Learning actually is a form of intelligent human behavior. However, what do machines actually learn in these Machine Learning settings? Is a chess playing computer already an intelligent entity? The point is, it’s not: Though IBM’s Deep Blue beat Kasparov, considered the world’s best chess player in 1996, Deep Blue is still a very dumb thing:
- It cannot do nothing else but play chess, not even play any other board game
- There is no way it can sense and interact with its immediate real-world surrounding
- It does not exhibit even the least bit of autonomous behavior
- … Not to mention cognition and consciousness
It sounds trivial and banal, but when we speak of “artificially intelligent beings” that are supposed to compete with humans on equal grounds, then these mentioned traits are indispensable. However, autonomous behavior, cognition, consciousness, sensing, moving objects, exhibiting emotions, are commonly not covered by “mainstream AI”: They go under the term of “Artificial General Intelligence” or “Strong AI”, which are much more arcane and muss less frequently heard of. In fact, advances along the road to this form of “True AI” are ridiculously small. If we ever get there at all. The Chinese Room argument is a simple thought experiment that urges that a computer program can never give a machine a mind, consciousness, or true understanding. Read the Wikipedia article I provided as link, it’s really worthwhile.
Not intelligent, but still smart
So Machine Learning is good and very helpful. But it has nothing to do with what we humans consider as intelligent behavior (and what research labels as “Artificial General Intelligence”). Nevertheless, it is really strange to see that ML did attract major popular awareness only as of now. Learning problems are everywhere and have always been:
- See manufacturing (e.g., Otis): Collecting data about machines’ running operations, e.g., elevators, and learning in which situations (aka constellations of operational parameters) these machines go out of service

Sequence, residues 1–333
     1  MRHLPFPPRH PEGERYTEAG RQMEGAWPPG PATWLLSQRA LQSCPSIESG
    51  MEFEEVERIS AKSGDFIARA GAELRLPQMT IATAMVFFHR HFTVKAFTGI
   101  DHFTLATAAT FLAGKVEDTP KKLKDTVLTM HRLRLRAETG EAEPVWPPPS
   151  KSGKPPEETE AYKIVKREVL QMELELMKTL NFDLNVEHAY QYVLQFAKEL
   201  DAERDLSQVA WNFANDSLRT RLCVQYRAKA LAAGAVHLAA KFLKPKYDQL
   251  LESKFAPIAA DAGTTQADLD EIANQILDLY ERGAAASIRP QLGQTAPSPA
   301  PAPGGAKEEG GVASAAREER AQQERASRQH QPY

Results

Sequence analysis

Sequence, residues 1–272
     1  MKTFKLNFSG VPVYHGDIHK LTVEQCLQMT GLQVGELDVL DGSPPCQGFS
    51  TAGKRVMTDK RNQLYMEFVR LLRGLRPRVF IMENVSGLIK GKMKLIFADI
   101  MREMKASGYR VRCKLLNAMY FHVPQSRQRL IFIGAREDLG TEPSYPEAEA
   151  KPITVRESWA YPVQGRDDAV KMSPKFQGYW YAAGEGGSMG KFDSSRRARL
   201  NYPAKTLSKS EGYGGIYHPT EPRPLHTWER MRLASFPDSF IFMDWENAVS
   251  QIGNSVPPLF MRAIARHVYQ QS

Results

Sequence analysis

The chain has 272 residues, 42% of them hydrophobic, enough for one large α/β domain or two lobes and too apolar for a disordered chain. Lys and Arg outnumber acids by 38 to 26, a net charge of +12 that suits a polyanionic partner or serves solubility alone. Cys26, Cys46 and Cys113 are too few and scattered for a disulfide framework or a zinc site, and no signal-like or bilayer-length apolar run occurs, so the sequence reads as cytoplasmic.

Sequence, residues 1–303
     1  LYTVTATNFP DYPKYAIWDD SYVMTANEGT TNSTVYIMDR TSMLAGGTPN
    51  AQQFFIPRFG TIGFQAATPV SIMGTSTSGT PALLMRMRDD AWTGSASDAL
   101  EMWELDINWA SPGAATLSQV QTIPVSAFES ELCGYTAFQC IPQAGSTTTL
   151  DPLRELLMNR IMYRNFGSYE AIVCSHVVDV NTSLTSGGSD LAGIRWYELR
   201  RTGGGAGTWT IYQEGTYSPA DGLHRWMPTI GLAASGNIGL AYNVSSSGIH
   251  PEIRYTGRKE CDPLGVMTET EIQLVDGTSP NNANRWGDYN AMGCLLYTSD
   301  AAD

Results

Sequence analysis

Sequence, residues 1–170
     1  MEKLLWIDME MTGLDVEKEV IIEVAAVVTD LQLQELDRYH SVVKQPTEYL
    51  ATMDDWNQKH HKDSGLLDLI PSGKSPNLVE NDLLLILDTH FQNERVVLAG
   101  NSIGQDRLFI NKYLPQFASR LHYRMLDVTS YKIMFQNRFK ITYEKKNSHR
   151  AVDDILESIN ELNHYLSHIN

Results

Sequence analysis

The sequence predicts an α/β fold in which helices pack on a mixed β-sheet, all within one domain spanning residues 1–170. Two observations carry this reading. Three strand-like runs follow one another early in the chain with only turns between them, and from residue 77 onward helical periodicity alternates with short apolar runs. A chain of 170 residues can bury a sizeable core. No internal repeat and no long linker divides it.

- See curated shopping (e.g., Outfittery or Modomoto, both taken from the German market): Learning styles and preferences of users and making individual recommendations to new users, without needing human style consultants
- See all sorts of autonomous driving, involving pattern recognition (i.e., recognizing road signs, other cars, etc., which can also be reduced to learning problems), learning how to react in certain situations, etc.
The list is near endless. Every company has countless problems that can be solved with Machine Learning approaches. XING Events, the company that I have the pleasure to serve as CEO, is no exception: In order to find out whether an incoming lead is highly valuable (or not so much), we also put technology to use that could pass as buzzy “AI technology”. Even though it’s just simple logistic linear regression and C4.5 decision tree models – both typical representatives of Machine Learning. And these learning models will never get anywhere close to autonomous behavior. In fact, they are quite stupid and non-intelligent.
To conclude, Machine Learning is extremely valuable and helpful in making our lives better. Based on methods and techniques that are well-understood and mastered, where algorithmic complexity does not necessarily mean better performance. However, all this has nothing to do with AI the way we humans understand the term.
If this is what we expect from it … then expect the next AI Winter to be here sooner than the next real winter.